Journal Article

Accuracy of linear measurements using three imaging modalities: two lateral cephalograms and one 3D model from CBCT data

Pisha Pittayapat, Michael M. Bornstein, Thaís Sumie Nozu Imada, Wim Coucke, Ivo Lambrichts and Reinhilde Jacobs

in European Journal of Orthodontics

Volume 37, issue 2, pages 202-208
Published in print April 2015 | ISSN: 0141-5387
Published online August 2014 | e-ISSN: 1460-2210 | DOI:
Accuracy of linear measurements using three imaging modalities: two lateral cephalograms and one 3D model from CBCT data

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The aim of this study was to evaluate the accuracy of linear measurements on three imaging modalities: lateral cephalograms from a cephalometric machine with a 3 m source-to-mid-sagittal-plane distance (SMD), from a machine with 1.5 m SMD and 3D models from cone-beam computed tomography (CBCT) data.


Twenty-one dry human skulls were used. Lateral cephalograms were taken, using two cephalometric devices: one with a 3 m SMD and one with a 1.5 m SMD. CBCT scans were taken by 3D Accuitomo® 170, and 3D surface models were created in Maxilim® software. Thirteen linear measurements were completed twice by two observers with a 4 week interval. Direct physical measurements by a digital calliper were defined as the gold standard. Statistical analysis was performed.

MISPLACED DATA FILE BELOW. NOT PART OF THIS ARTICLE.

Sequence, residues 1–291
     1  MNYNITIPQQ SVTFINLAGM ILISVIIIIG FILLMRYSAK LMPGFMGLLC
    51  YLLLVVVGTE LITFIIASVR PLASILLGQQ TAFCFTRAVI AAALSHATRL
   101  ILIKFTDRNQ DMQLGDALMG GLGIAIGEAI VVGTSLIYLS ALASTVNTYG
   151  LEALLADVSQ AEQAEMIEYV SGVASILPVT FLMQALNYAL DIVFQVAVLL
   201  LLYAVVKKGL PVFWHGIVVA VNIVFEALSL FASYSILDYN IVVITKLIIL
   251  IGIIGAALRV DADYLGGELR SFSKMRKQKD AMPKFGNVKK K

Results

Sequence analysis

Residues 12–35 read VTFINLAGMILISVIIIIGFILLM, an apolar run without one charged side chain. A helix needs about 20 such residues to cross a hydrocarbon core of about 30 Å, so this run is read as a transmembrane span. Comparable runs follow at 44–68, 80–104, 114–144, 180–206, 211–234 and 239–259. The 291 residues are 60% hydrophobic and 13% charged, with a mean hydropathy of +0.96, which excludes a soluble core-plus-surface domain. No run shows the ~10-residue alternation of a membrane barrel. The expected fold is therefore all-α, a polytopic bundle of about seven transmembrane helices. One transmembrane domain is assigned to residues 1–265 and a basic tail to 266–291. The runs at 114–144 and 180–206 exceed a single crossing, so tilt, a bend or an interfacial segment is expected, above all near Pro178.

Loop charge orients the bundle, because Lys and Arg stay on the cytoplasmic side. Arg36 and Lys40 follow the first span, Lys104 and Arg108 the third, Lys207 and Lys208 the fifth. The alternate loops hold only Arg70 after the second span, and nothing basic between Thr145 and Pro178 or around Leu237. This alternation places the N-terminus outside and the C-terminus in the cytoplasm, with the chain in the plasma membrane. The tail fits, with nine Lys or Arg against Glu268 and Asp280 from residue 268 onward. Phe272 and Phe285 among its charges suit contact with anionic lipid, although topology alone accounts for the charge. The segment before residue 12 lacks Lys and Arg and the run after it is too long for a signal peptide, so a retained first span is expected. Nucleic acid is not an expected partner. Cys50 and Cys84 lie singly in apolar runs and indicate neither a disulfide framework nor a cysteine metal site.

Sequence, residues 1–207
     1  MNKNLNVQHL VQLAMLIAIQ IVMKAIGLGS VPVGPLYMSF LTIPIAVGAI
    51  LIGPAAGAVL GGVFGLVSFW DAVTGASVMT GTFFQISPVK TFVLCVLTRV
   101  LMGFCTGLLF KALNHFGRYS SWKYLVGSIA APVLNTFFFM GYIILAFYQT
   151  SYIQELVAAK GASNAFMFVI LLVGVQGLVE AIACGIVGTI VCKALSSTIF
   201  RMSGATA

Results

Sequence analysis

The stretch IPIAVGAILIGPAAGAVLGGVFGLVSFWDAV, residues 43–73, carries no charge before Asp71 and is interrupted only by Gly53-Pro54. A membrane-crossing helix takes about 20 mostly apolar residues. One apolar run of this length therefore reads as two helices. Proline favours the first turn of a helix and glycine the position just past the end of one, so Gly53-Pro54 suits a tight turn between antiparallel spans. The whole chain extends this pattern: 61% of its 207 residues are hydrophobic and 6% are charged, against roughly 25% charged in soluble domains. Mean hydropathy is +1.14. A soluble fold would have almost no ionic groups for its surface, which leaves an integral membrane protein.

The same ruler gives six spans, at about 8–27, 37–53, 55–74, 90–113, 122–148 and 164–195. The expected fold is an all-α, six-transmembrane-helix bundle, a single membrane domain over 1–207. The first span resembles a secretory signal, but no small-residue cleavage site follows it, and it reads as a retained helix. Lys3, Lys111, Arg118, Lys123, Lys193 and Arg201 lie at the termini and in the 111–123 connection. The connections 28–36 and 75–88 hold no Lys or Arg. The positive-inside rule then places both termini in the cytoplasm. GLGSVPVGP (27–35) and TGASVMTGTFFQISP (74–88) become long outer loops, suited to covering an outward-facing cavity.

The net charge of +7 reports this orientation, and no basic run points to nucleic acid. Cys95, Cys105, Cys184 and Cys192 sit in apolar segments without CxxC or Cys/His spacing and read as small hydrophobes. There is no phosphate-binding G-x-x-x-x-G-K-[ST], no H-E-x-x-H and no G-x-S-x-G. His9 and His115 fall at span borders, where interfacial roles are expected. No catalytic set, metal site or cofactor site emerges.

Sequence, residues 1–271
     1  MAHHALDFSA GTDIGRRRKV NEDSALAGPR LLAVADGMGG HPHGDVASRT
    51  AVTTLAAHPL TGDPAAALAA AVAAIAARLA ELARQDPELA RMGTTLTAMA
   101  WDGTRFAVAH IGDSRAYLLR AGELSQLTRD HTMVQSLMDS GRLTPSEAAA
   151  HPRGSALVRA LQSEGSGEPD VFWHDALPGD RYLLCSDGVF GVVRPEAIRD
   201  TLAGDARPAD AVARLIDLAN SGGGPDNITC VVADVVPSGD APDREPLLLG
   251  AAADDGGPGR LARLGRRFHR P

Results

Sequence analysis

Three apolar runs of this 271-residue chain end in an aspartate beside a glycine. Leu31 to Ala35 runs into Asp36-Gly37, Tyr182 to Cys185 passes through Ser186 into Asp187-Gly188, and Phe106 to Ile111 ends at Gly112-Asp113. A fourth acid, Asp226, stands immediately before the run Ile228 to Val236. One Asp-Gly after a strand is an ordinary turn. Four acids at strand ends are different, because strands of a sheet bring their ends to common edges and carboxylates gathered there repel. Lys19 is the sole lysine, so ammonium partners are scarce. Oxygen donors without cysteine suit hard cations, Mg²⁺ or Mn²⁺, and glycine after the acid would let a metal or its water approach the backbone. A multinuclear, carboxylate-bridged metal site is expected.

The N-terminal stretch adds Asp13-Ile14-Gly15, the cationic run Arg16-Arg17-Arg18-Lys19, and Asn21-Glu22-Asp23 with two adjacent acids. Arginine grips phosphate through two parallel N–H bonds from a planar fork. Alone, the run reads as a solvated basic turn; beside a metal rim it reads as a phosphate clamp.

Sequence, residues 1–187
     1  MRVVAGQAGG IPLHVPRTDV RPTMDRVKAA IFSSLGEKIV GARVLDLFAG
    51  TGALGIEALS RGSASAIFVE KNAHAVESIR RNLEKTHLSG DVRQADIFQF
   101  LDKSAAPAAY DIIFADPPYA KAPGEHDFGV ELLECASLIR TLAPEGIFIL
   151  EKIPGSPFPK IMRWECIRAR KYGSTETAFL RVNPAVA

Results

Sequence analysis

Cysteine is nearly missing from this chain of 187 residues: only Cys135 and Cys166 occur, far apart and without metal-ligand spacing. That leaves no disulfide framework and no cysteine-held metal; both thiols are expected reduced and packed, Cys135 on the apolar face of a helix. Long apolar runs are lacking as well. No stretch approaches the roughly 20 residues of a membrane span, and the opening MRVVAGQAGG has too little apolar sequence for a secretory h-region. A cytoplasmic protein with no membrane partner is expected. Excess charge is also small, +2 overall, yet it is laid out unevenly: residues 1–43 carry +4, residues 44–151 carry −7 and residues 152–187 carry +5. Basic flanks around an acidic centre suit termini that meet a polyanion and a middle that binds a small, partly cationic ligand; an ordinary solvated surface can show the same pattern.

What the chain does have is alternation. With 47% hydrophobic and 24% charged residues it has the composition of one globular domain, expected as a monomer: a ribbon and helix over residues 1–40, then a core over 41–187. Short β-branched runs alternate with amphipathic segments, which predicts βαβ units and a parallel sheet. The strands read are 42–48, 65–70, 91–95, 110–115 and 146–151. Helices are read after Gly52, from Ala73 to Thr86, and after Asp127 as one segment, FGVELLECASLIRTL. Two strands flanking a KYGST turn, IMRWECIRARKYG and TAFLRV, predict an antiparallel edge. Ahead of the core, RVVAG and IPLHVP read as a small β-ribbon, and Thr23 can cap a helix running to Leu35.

Nasion–Point A was significantly different from the gold standard in all methods. More statistically significant differences were found on the measurements of the 3 m SMD cephalograms in comparison to the other methods. Intra- and inter-observer agreement based on 3D measurements was slightly better than others.


Dry human skulls without soft tissues were used. Therefore, the results have to be interpreted with caution, as they do not fully represent clinical conditions.


3D measurements resulted in a better observer agreement. The accuracy of the measurements based on CBCT and 1.5 m SMD cephalogram was better than a 3 m SMD cephalogram. These findings demonstrated the linear measurements accuracy and reliability of 3D measurements based on CBCT data when compared to 2D techniques. Future studies should focus on the implementation of 3D cephalometry in clinical practice.

Journal Article.  5019 words.  Illustrated.

Subjects: Restorative Dentistry and Orthodontics

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